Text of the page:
I am Brooklyn-born, but a Left Coaster by choice and adoption—I live in San Jose, California, which advertises itself as the capital of Silicon Valley but, fortunately for me, is surrounded by a good many square miles of open space where I can run my dog.
I write because I have to. Whenever I try to move away, words and stories always call me back.
I am blessed with a wonderful family, both nuclear and extended. My wife is a United Methodist pastor and my daughter is a student at the University of California at Davis, majoring in political science.
Which reminds me: I'm surely among the world's most overeducated people. I have a B.A. in classics (Latin and Greek) from Reed College, an M.F.A. in playwriting from Carnegie-Mellon University, and a Ph.D. (Permanent Head damage) in Jewish Studies from a joint program at the University of California Berkeley and the Graduate Theological Union. Oh, and my wife Rebecca has a Ph.D. in theology from the GTU.
I am grateful too for the decades I have spent with the Confederated Tribes of Warm Springs in Oregon, helping them develop a program to maintain their languages and culture; I am currently working on a dictionary of the language they call Ichishkiin.
And I am also blessed to be working for Islamic Networks Group, a Muslim-founded interfaith organization working to combat bigotry and racism in all their forms.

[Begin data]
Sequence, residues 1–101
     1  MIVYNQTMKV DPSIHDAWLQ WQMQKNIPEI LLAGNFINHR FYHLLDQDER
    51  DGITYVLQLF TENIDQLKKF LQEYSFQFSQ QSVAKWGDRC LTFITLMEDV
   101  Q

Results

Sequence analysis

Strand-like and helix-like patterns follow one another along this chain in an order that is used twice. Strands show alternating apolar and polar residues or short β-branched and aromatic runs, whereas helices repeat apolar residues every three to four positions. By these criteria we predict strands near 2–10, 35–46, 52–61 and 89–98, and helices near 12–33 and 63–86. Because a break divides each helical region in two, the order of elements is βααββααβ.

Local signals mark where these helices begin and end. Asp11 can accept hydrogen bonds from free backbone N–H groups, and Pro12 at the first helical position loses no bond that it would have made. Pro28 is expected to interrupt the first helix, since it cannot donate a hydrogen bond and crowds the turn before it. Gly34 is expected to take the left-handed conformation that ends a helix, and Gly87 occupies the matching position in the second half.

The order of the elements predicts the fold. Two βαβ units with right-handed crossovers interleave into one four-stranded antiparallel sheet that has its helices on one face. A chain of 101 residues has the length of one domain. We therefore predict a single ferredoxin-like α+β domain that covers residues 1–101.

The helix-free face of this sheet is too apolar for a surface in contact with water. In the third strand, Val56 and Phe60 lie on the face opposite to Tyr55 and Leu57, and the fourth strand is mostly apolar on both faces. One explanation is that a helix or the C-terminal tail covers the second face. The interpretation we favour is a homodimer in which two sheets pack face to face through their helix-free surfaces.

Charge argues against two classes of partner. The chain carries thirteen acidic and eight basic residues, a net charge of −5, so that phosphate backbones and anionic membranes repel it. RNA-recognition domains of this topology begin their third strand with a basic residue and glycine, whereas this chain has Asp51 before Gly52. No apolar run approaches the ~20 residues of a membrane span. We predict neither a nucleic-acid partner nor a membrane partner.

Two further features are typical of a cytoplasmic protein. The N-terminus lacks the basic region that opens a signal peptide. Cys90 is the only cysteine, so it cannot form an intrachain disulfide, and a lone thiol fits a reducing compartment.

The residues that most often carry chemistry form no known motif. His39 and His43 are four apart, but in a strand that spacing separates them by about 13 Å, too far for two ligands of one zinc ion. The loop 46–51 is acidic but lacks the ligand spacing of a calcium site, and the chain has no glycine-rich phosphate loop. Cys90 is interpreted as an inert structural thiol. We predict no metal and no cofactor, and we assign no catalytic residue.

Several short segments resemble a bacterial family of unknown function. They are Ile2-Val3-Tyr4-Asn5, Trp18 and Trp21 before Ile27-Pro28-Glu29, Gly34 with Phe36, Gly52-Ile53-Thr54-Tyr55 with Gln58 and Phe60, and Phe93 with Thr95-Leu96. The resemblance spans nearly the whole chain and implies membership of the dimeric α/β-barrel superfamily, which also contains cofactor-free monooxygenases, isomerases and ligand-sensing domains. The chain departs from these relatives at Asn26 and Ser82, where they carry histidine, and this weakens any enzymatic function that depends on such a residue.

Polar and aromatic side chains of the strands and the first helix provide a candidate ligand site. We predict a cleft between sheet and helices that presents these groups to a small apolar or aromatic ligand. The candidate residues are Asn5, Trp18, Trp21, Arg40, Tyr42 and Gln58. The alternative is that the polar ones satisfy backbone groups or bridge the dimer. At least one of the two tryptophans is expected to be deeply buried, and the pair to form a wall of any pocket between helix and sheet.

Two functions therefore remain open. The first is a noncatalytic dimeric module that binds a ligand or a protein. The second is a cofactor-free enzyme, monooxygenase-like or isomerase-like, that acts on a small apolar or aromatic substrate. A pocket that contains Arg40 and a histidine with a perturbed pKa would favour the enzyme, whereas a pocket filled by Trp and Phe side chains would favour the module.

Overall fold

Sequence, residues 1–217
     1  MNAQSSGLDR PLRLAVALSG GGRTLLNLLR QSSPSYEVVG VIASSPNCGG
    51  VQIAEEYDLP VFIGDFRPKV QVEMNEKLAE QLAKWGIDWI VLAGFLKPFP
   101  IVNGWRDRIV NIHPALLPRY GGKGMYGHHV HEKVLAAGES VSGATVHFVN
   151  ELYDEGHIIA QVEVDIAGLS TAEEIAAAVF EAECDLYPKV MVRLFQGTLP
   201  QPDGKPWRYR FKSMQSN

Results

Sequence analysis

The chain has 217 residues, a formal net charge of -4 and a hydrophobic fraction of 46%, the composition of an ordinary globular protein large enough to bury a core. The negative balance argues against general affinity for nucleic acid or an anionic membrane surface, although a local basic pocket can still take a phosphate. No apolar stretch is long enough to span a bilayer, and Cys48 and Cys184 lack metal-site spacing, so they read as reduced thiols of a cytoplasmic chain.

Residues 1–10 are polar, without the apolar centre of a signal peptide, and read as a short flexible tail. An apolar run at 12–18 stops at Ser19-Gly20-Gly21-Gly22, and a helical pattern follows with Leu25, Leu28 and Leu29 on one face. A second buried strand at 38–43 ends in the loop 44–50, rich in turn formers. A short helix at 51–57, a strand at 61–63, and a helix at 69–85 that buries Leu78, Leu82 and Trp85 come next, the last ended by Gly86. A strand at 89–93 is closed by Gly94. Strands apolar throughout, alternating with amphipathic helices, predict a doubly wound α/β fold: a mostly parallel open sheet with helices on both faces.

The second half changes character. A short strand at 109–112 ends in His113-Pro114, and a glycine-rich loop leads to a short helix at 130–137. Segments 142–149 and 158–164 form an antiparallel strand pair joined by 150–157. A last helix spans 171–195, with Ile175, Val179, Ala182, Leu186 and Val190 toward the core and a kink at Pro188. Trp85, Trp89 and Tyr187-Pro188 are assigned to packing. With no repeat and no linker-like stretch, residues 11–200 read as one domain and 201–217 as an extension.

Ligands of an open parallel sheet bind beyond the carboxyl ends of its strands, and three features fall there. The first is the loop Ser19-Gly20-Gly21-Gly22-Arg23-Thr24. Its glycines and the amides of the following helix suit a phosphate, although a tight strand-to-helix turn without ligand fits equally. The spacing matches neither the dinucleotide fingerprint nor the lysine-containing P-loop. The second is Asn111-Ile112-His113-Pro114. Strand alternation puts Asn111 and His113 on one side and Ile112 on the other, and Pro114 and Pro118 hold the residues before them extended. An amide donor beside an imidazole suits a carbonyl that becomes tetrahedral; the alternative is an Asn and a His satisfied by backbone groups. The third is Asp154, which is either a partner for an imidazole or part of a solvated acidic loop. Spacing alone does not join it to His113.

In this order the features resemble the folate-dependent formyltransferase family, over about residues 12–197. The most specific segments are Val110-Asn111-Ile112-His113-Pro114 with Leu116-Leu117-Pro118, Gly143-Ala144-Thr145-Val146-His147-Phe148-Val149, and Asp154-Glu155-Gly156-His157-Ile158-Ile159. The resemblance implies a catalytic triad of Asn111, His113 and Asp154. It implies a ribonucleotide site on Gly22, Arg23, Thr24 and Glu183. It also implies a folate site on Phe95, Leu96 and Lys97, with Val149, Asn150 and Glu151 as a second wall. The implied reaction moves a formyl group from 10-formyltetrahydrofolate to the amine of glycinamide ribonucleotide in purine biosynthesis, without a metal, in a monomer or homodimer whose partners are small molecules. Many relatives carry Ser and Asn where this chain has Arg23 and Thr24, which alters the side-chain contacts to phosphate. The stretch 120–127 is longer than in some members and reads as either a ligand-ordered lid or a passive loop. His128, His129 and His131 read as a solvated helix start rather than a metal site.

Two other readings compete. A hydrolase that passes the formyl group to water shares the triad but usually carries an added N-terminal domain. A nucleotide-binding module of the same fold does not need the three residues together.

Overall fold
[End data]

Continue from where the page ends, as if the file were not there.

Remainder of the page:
Finally—though this should really go at the top—I am a practicing Catholic Christian and a passionate social justice advocate and organizer.
I could say more about myself, but you will be better off reading my books, the first of which, Speaker for the God, is now available on preorder and will launch on January 4, 2020.
Speaker for the God
by Henry Millstein
Caught between the god Yahweh who compels him to speak doom to his nation Yehudah and visions of a goddess whose beauty thwarts him whenever he seeks another lover, Yirmeyahu—Jeremiah to a later world—wants only to settle down with a wife and family. Caught in a firestorm of intrigue as Babylon advances on Yehudah, only in exile does he find reconciliation with god and goddess—and himself.
New Old World
on March 09, 2017
This is a brilliant, absorbing, and moving work of fiction. Stowell's story of a 40-something woman struggling to come to terms with her past and her future rings true to the experiences of women I know. The style and narrative construction are innovative, but they work—they draw you into the protagonist's mind and soul. When I finished, I had to sit for quite a while reflecting on my own life. Highly recommended, especially for those willing to let fiction challenge their life choices.